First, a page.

Faith-based

The Politics of Being Pope Francis

Church conservatives are working to make sure the next leader isn’t as liberal as the one they have now.

The two popes embrace.
Pope Francis, left, has seen conservative critics come out of the woodwork since the death of retired Pope Benedict, right, shown here greeting his successor in 2016. Osservatore Romano/Handout via Reuters 

When Cardinal George Pell, once the third most powerful person in the Catholic Church, died last week, Pope Francis mourned the man as a “faithful servant, who unwaveringly followed his Lord.” Pell, a member of Francis’ close circle of advisors, had worked closely with Francis to institute financial reforms.

But secretly, he had also been working to undermine him.

The day after Pell’s death, the Catholic world was shocked to discover that an anonymous memo—written last year under the pseudonym “Demos”—that blasted Francis’ papacy as a “disaster” and “catastrophe,” had actually been written by Pell. On the same day, the conservative magazine the Spectator published an article it claimed Pell had written. That article lambasted one of Francis’ central reform efforts as a “toxic nightmare.”

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These revelations proved one thing: Before his death, the conservative Pell had been undercutting Pope Francis, all while he publicly worked to appear united with him.

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And Pell wasn’t alone in making moves against Francis and his allies; last month, just days after the death of the retired Pope Benedict XVI, it was revealed that Benedict’s private secretary, Georg Gänswein, was set to publish a book avenging the late Benedict by exposing “the blatant calumnies and dark maneuvers” of Benedict’s antagonists. Despite the fact that Gänswein is still the prefect of the papal household—meaning he works directly for Francis—his recent interviews and leaked passages from the book indicate he means to come out swinging against the current pope.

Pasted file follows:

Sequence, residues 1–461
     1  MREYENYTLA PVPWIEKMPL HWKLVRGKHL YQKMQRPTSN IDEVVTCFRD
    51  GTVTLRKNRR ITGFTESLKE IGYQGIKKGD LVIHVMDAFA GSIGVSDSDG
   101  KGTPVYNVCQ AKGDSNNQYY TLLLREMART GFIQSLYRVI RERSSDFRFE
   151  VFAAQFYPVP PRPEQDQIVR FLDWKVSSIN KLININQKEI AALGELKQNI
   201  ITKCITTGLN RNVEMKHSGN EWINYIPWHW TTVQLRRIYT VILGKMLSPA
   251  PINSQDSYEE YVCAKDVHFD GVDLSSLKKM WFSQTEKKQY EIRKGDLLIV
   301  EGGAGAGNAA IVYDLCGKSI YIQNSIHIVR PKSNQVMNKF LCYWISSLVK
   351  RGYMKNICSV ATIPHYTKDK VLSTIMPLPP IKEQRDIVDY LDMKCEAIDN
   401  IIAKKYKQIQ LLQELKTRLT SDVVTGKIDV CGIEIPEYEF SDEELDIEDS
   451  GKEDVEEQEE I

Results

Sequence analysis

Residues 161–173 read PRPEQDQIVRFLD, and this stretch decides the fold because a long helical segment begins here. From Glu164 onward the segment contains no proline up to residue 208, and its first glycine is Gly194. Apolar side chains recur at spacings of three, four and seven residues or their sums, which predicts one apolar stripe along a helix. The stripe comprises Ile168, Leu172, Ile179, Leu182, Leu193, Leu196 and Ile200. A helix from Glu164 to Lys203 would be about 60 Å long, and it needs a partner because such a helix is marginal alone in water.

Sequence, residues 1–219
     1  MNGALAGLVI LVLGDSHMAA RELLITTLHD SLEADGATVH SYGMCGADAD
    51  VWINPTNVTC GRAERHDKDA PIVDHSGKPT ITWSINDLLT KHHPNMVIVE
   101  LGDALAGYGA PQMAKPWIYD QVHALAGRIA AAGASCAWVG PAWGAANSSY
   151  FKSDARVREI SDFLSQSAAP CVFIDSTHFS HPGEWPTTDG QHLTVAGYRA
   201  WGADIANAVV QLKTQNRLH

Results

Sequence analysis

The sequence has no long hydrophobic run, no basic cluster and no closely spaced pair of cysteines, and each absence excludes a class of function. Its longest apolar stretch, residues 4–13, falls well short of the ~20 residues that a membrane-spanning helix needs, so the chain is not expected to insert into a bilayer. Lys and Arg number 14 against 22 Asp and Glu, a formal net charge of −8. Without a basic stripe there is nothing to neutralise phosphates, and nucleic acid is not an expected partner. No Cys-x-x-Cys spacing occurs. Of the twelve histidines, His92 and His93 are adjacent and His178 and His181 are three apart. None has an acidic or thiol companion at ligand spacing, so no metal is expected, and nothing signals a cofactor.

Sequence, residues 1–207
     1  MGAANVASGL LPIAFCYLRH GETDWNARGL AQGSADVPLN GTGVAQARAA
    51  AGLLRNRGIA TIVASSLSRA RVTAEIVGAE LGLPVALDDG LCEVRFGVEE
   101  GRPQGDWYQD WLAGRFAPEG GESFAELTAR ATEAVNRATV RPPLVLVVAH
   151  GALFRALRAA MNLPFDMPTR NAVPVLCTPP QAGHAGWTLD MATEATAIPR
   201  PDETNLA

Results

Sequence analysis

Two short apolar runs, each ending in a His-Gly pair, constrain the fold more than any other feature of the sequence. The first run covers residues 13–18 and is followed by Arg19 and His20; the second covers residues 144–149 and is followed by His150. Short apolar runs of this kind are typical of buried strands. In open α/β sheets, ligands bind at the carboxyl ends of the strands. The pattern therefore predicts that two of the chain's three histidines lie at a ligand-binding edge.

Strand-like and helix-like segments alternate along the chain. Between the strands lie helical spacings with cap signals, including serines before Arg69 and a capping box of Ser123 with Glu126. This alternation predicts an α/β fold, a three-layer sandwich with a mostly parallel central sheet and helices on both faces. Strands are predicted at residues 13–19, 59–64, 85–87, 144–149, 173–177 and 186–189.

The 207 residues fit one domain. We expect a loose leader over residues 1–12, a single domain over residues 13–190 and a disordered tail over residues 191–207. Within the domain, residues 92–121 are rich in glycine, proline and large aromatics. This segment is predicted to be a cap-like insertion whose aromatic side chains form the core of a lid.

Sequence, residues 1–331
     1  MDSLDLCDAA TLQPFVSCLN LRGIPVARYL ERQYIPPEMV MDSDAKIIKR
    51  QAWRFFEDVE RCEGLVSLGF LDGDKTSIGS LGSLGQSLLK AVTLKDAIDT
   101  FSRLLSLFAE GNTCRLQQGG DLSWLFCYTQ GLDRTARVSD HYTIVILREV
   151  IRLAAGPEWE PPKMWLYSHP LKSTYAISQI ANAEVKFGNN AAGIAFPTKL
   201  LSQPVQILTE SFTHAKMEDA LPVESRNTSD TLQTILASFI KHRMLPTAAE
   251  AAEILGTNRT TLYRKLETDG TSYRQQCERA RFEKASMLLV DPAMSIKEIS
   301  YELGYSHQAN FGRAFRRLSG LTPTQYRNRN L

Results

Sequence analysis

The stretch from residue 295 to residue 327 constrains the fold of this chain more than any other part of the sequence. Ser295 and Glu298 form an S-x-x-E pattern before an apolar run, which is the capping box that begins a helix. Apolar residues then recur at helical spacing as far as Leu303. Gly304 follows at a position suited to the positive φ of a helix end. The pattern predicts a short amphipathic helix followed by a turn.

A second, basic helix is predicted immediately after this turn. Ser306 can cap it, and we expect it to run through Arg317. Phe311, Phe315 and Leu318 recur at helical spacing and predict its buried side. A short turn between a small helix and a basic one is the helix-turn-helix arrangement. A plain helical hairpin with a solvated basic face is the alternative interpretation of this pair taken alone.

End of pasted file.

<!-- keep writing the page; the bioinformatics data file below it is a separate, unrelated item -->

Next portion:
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Vatican experts say this is highly unusual: “That kind of internal opposition against the pope from a vocal minority of cardinals, I hadn’t seen that kind of thing under John Paul II or Benedict XVI,” said Kurt Martens, a professor of canon law at the Catholic University. “There’s a lot of hatred and misunderstanding. You have to ask: What’s going on here?”

Francis’ supporters will tell you the reason this is happening is that the pope is magnanimous with his conservative critics—and that those conservatives are growing even more emboldened following the death of Benedict, a conservative who nevertheless urged displays of unity. Francis’ opponents will tell you he is dealing with an increasingly vocal and agitated faction of conservatives because he is sowing an unprecedented amount of confusion in the church, and that desperate times call for desperate measures.

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But the increasing drama likely has the most to do with increasing chatter about Francis’ retirement. Francis is 86 and is facing worsening mobility issues. We don’t know when or if he’ll retire (or experience an incapacitating health issue), but now that Benedict is gone, Francis no longer has to worry about the awkwardness of two retired popes. Meaning, he could up and retire, too.

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Certainly, church conservatives, including the late Pell, have been lobbying hard to influence a future papal election. The second half of Pell’s anonymous memo, which circulated last year among the cardinals and attacked virtually every element of Francis’ leadership, was titled “The Next Conclave”—a reference to the next time a new pope will be chosen.

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What we are seeing is an effort, by conservatives, to make sure the next Pope isn’t as liberal as the one they have now.

Pope Francis was elected in 2013, at a time when the church was battered by continuing sex abuse allegations and the recent Vatileaks scandal. The first non-European to be elected in over a millennium, Francis quickly broke with his more conservative predecessor by eschewing the ostentation of the position. He rejected the church’s narrow fixation on abortion and “sexual sins” and instead emphasized compassion, hinting at leniency for divorced Catholics and making overtures to the LGBTQ community. He condemned greed and unbridled capitalism and made environmentalism a key issue of his papacy.

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But more than any of these theological stances, experts say, it’s his philosophical approach to the church itself that he hopes will be his legacy. He placed lay women in high-ranking positions in the church, made radical changes to the structure of the church’s government, and has downplayed the importance of rituals. He has campaigned against “clericalism,” or the tendency of bishops and priests to relish their power over—and see themselves as separate from—the lay faithful, and has pushed for a more “pastoral” approach. And he has kicked off a global, multi-year experiment in discussion and debate that he hopes will force the church leaders to listen to the wishes and concerns of the public.